Employment predicted to be on a downward trend

By Paul Stathis
Monday, 21 April, 2008

According to personnel and management consulting firm E L Consult, a fall-out in general employment is inevitable in view of the impact on high-end employment from the Reserve Bank’s continuing rate rises and other global issues.

The Australia-based consultancy issues a monthly human capital index called the E L Index, which has been produced since 1992 as an indicator of economic trends in Australia. The latest index states that executive demand in Australia, a leading indicator of general employment, has fallen a further 10% in March.

While a post-election boom caused a temporary spike in demand in February, falls have since resumed. The combination of rising interest rates and fluctuations in global share markets are tempering growth in Australia.

The index remains at levels seen in July 2006, which coincides with the beginning of the most recent series of interest rate increases.

Grant Montgomery, managing director of E L Consult said: “Businesses who are making borrowing decisions daily react quickly to interest rate rises. They are likely to make immediate budgeting decisions; and cutting their expensive executive payroll is often the first area to be affected.

“The private sector in particular has cut executive employment seven out of the last eight months. This makes the downward trend difficult to deny. It is only a matter of time before the current trend impacts consumer confidence and unemployment generally. It is a global trend and we can expect falls in demand across the economy, including international falls in mineral sales.”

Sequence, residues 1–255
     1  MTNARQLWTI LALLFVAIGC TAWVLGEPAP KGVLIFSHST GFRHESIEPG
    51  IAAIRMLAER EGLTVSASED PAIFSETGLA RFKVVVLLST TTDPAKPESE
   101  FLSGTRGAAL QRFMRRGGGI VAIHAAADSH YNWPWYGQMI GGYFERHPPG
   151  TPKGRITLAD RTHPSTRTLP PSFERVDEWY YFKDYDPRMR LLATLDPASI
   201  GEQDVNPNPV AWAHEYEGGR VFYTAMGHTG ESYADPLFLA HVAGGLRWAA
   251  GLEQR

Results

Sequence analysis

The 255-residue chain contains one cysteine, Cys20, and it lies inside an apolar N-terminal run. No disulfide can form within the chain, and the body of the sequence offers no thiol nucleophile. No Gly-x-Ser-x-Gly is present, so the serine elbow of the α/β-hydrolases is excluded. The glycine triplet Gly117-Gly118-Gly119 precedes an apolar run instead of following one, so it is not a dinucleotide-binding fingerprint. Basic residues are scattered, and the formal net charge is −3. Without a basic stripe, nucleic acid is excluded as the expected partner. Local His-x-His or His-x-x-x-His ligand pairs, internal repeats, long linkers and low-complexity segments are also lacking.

Although there were significant increases in demand for positions in all sectors in February over January, this was only a spike, with widespread falls in demand across every state and territory as well as every industry group in March when compared to February:

  • 10% decrease in executive positions advertised nationwide,
  • 8% decrease in finance positions,
  • 9% decrease in engineering positions,
  • 10% decrease in general management positions,
  • 10% decrease in information technology positions, and
  • 8% decrease in marketing and sales management positions.

Higher Australian dollar not helping to lower inflation

When compared to the US dollar, the Australian dollar is now at its highest point since 1984. This high is boosted by demand for Australian-sourced resources and the high Australian interest rates compared to global averages.

“The Reserve Bank has noted that inflation is currently at the top end of its 2–3% desired band and so is raising interest rates to bring this down,” continued Montgomery. “Normally the appreciation of the Australian dollar would decrease the price of imports, helping to bring down the general rate of inflation and reducing the pressure on the Reserve Bank to raise interest rates unnecessarily.

“The price of imported goods has generally not decreased for consumers. Importers and retailers have used the higher Aussie dollar to boost their own price margins rather than hand on the savings to consumers.

“The federal government must ensure the benefits of the resource boom, the higher interest rates and higher Australian dollar benefit the whole country by lowering import prices.”

The E L Executive Demand Index is a comprehensive monthly analysis of employment trends at executive level, shown by two separate university studies to correlate strongly with general economic and business trends. It is a combined national index of all executive demand made up of five separate indices: finance, IT, management, marketing and engineering.


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